While undergoing repairs at New York in January 1919, Des Moines was sent to sea to aid in rescue operations at the scene of the grounded Northern Pacific. All of the fast transport's 2,200 passengers were rescued, 50 of them by Des Moines. She sailed from New York on 11 April 1919 for Archangel, Russia, and duty with the Naval Forces in Northern Russia. Here Des Moines protected American interests from the disturbances of the Bolshevik Revolution, and carried home American troops who had served around Archangel, returning to Portsmouth, New Hampshire, on 27 October.[4]

Post war & decommissioningEdit

Des Moines cruised off Mexico between May and September 1920, reporting on political conditions, and joining in relief efforts during an epidemic of the plague. She joined the Special Service Squadron based at the Panama Canal Zone to cruise Central American waters, and the west coast of South America promoting friendly relations between the United States and its sister American republics until 5 March 1921, when she returned to the Portsmouth Navy Yard. There she was decommissioned 9 April 1921, and sold for scrapping on 11 March 1930.[4]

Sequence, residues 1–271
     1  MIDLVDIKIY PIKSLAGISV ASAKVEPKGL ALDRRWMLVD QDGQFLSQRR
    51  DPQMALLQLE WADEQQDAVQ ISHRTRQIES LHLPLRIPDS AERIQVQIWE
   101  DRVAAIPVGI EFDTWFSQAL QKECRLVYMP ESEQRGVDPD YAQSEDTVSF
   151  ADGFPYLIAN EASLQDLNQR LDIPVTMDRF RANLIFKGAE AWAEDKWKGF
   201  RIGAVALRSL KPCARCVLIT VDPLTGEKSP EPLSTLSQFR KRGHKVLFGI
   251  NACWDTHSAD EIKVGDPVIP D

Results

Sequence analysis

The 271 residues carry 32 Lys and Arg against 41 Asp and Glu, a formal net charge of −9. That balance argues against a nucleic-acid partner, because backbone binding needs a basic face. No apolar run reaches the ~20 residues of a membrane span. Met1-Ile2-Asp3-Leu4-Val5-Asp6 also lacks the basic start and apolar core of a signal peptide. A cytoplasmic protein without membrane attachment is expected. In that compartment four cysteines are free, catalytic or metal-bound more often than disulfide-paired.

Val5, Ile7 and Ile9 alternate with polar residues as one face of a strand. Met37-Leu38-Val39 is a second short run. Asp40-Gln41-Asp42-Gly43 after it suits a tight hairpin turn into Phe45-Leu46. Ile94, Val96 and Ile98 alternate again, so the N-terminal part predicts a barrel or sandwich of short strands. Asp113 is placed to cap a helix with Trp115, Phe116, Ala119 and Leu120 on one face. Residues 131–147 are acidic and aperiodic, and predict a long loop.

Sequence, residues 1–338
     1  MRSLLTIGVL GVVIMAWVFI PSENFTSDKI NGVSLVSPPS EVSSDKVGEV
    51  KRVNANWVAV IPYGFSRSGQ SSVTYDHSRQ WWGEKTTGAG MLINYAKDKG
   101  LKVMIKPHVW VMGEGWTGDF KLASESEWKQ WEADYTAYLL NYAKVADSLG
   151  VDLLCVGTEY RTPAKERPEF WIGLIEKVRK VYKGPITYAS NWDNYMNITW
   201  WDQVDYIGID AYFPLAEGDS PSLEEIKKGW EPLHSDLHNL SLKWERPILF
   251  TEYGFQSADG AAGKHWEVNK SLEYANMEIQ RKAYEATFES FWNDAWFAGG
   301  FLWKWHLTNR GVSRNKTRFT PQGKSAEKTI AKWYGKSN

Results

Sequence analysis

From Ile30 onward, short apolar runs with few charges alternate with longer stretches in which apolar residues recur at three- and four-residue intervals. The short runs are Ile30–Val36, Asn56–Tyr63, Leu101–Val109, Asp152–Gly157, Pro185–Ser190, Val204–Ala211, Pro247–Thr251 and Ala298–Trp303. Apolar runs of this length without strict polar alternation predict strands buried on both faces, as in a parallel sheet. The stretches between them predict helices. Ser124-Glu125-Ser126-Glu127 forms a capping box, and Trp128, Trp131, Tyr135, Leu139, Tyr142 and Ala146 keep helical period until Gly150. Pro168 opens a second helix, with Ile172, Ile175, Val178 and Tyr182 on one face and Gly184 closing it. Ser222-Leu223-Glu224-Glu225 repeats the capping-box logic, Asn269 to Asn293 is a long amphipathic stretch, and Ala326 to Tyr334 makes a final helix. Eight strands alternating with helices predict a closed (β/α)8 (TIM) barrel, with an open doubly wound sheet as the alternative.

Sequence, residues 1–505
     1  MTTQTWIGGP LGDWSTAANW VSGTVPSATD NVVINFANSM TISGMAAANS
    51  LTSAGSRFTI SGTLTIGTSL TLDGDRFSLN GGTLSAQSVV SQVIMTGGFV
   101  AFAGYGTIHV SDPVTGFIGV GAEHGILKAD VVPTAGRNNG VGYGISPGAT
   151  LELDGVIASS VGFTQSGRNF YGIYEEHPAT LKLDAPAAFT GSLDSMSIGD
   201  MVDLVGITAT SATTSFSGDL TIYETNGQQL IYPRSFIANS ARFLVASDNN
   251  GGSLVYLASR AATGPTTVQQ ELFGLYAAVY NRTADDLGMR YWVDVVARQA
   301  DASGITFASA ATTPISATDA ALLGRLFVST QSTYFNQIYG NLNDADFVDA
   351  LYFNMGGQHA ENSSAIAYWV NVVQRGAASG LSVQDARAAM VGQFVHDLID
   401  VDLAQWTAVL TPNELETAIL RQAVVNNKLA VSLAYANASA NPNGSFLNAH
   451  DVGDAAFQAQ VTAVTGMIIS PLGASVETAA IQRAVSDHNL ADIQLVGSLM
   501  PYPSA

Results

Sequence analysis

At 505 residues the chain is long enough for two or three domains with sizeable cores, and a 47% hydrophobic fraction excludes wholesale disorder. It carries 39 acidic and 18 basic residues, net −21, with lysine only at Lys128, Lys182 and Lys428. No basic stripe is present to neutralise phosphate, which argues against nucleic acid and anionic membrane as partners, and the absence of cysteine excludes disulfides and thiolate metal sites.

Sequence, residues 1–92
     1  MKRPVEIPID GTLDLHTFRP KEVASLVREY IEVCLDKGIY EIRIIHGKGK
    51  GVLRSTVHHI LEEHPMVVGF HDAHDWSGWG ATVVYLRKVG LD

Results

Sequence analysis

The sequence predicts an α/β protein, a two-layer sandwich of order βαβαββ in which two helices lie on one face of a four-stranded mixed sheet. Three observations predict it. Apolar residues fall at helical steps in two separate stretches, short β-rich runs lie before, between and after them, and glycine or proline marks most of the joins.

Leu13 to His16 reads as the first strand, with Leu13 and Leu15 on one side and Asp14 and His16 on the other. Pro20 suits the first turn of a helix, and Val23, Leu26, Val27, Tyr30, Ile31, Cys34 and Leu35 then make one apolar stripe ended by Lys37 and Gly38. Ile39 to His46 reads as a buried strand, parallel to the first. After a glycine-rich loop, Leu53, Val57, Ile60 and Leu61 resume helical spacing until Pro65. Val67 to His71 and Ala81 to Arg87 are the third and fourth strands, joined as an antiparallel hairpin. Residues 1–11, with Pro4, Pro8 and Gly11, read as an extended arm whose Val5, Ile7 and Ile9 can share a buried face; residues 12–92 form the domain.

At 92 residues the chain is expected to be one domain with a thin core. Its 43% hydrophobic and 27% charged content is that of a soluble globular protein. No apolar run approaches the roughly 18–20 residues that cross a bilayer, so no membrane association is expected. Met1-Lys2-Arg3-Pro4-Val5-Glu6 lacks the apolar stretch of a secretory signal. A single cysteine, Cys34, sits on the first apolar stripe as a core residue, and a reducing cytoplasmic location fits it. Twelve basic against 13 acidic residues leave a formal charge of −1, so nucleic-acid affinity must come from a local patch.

1. ^ "Ships' Data, U. S. Naval Vessels". US Naval Department. 1 January 1914. pp. 40–47. Retrieved 15 September 2015.
  2. ^ a b Toppan, Andrew (8 September 1996). "US Cruisers List: Protected Cruisers and Peace Cruisers". Retrieved 24 November 2015.
  3. ^ "Ships' Data, U. S. Naval Vessels". US Naval Department. 1 July 1921. pp. 60–67. Retrieved 15 September 2015.
  4. ^ a b c d e f g h "Des Moines I (C-15)". Dictionary of American Naval Fighting Ships. Navy Department, Naval History and Heritage Command. 6 July 2015. Retrieved 25 November 2015.

External linksEdit

  • Photo gallery of USS Des Moines (C-17) at NavSource Naval History
  • Story about the Fore River Shipyard, discussing the USS Des Moines Archived 2 January 2015 at the Wayback Machine